by Shelley Munro, contemporary (2007)
Triskelion Publishing, $5.99, ISBN 1-60186-075-7
Alice Beasley inherited a company called Fancy Free from her late Great Aunt Alicia that sent shockwaves of disgust and terror through the folks in this story. Can you guess what kind of company this is that has her boyfriend Steven all disgusted? No, it's not a brothel. No, not a blow-up doll factory. Of course not, Alice didn't just inherited a sex toy factory. She inherited a condom company.
Yes, a condom company. So shocking, so scandalous, so unheard of. If we're talking about a story set in 1963, perhaps, but Snap! is a contemporary romance so I don't know what to think. Then again, this story is set in New Zealand and I can't claim I know everything about the people there, so... perhaps it's a New Zealand thing? I can't imagine what is so shocking about owning a condom factory.
Then again, Ms Munro claims that Alice and her folks come from very conservative background where the use of contraceptives is considered a heinous sin. Fair enough, I suppose, but then we have Alice's dear Steven admonishing her by saying things like, "Alice! Lawyers can't be involved in sex." The fact that Alice doesn't see anything wrong with this guy and comes this close to marrying him speaks volumes about her intelligence if you ask me.
Alice meets James Bates. Or rather, her eyes zoom in on his crotch the first time they meet. No doubt being shackled to a guy who insists that lawyers can't do the kinky do that a lady. I believe it's called estrogen poisoning or something. She actually gets aroused during a clinical condom test thingie, mind you, which is just sad. As the local anti-birth control group the Children of Nature rally to cause trouble, can Alice make the difficult decision on whether to choose the big-crotched man or the crotchety lawyer boyfriend? Stay tuned!
If I can get over the initial set-up and some very obvious warning signs about her choices that Alice inexplicably fails to see, Snap! has a very enjoyable romance in its core. Which is to say, while there is that rather contrived ditsy innocent Alice persona at the start of the story, Alice soon turns rather unrealistically quickly into a more sexual person once she really gets to know James. While this is rather unrealistic given Alice's supposedly rigid conservative background, on the bright side this means I get an Alice who can laugh and have a sense of humor without putting on the neurotic "Eeeek! Eeeek! Eeeek!" attitude when it comes to sex. James is somewhat underwritten in that I have no idea who he is, big crotch and great bedside manners notwithstanding, but he has a good rapport and chemistry going with Alice. The love scenes are also pretty hot and I like how Ms Munro also shows me a glimpse into some of the workings behind the condom business. I don't know if she's making things up or she's being authentic since I can't say I know much about what happens in a condom factory, but Ms Munro manages to create an interesting backdrop for her romance to unfold.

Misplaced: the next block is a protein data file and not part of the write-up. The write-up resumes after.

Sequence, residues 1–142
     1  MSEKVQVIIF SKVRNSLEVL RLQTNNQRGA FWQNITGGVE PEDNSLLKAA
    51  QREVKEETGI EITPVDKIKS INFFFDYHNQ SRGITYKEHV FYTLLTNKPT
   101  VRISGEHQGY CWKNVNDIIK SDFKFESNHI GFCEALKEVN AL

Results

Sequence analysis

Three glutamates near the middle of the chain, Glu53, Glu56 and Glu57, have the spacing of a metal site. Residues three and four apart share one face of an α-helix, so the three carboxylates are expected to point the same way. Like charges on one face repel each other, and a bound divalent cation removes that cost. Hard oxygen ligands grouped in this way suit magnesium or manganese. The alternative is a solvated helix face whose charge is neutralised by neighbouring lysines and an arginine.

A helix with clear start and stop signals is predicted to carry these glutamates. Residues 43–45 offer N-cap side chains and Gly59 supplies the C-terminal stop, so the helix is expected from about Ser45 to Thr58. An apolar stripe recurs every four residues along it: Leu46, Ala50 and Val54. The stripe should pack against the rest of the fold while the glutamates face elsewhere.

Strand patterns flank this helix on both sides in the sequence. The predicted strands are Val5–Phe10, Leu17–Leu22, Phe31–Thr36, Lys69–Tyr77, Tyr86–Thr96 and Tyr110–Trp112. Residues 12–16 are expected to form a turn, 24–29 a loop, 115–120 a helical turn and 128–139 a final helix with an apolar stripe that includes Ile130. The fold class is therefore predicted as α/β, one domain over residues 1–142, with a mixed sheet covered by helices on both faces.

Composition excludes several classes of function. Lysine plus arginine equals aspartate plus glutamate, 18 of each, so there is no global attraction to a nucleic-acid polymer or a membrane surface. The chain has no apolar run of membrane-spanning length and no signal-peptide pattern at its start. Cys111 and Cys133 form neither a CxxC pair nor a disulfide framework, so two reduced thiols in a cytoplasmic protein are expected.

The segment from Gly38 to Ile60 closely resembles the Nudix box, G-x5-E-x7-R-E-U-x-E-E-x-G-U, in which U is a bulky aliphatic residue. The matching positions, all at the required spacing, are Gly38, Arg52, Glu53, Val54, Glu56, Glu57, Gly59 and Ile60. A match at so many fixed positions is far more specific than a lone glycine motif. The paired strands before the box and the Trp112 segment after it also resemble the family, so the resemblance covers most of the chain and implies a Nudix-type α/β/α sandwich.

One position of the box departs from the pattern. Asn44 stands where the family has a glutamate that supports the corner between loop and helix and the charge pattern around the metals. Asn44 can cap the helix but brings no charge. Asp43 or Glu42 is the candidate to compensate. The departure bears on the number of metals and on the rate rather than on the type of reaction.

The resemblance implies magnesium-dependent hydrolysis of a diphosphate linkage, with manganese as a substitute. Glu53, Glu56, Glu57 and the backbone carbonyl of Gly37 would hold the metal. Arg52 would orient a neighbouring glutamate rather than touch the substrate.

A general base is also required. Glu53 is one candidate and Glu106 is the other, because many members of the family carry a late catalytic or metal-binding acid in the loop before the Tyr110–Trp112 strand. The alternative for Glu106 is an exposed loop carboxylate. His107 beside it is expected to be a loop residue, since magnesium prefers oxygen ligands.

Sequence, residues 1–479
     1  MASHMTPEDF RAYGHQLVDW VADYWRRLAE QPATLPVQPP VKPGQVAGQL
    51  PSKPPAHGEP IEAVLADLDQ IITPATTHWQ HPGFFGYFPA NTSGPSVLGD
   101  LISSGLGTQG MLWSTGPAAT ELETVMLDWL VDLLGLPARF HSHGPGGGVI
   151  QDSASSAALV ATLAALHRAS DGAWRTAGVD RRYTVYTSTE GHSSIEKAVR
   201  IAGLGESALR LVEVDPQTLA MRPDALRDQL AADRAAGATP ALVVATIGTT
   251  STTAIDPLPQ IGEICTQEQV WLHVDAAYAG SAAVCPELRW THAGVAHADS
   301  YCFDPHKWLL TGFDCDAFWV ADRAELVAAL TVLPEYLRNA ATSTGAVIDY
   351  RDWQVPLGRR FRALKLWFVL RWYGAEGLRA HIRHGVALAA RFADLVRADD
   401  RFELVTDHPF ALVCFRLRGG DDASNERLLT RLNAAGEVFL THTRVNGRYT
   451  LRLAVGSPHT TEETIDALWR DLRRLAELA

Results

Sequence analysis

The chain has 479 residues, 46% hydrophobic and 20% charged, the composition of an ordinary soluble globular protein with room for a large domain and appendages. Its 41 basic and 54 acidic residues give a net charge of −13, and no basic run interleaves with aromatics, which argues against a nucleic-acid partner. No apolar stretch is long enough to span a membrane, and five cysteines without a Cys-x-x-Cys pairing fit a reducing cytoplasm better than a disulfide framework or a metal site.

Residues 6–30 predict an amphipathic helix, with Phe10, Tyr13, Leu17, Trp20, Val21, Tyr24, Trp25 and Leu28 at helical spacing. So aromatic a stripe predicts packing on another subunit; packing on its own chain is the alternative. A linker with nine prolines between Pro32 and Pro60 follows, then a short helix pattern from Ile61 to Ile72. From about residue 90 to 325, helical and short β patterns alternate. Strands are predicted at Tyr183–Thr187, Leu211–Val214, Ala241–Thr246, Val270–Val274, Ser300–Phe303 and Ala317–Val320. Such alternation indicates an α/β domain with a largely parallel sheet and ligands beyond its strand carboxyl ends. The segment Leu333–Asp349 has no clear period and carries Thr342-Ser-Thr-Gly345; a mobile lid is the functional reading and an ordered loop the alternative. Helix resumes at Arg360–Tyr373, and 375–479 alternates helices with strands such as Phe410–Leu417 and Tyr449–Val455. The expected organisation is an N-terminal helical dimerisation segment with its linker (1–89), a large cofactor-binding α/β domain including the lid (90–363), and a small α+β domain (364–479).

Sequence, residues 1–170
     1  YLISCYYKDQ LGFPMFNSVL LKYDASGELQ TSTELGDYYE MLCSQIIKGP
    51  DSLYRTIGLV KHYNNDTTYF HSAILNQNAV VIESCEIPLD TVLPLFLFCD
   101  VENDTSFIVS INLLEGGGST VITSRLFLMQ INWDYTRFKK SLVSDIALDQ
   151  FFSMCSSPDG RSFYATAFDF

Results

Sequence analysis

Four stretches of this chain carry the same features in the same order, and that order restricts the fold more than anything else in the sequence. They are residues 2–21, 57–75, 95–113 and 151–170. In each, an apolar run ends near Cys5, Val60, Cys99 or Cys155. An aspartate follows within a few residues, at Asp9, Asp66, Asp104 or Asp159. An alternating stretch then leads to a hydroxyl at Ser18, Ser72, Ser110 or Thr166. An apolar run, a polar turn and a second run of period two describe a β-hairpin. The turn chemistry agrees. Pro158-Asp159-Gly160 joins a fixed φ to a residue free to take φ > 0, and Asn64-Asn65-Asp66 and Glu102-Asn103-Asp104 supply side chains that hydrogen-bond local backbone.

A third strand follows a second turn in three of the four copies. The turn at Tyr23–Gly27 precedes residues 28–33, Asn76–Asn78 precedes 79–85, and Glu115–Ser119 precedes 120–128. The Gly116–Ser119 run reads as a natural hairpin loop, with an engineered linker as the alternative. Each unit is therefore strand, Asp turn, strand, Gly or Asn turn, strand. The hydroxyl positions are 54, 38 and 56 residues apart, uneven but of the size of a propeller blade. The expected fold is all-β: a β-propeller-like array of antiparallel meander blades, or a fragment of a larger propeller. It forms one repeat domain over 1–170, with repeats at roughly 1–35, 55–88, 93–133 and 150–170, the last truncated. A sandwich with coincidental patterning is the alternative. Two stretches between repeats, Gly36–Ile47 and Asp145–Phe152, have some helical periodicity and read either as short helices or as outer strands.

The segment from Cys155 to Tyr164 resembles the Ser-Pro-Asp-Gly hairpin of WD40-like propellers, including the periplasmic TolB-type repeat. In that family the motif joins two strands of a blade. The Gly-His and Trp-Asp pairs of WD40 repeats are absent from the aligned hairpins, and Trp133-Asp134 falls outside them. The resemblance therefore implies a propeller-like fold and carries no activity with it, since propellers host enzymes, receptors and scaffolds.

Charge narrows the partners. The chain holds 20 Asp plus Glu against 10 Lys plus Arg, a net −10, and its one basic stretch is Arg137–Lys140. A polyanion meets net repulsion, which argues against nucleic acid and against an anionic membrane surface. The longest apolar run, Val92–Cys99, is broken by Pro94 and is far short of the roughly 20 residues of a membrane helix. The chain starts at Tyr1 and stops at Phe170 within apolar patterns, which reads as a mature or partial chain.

Therefore, I have no problems with the core romance - I enjoy reading about Alice and James. However, I wish the author has found a better set of external conflicts to bring out the best from her characters. Alice's conservative background doesn't gel with her easy transition into a woman happily having sex out of wedlock with James. But the external conflicts work on the concept that it is a truly shocking thing for a woman to own a condom factory, just as the core romance revolves around the tired "let's test our products" line. Snap! has a fun relationship but at the same time it is overloaded with so many tired and overused Harlequin Blaze plot and character clichés that a part of me is surprised that the ship doesn't sink, so to speak. I have a pleasant time reading this story but I can't say I'm too thrilled with how predictable it is or how much I have to suspend my disbelief while reading it. Perhaps Ms Munro can come up with something less derivative of a generic Harlequin Blaze tale in the future?
This book at Amazon.com
This book at Amazon UK
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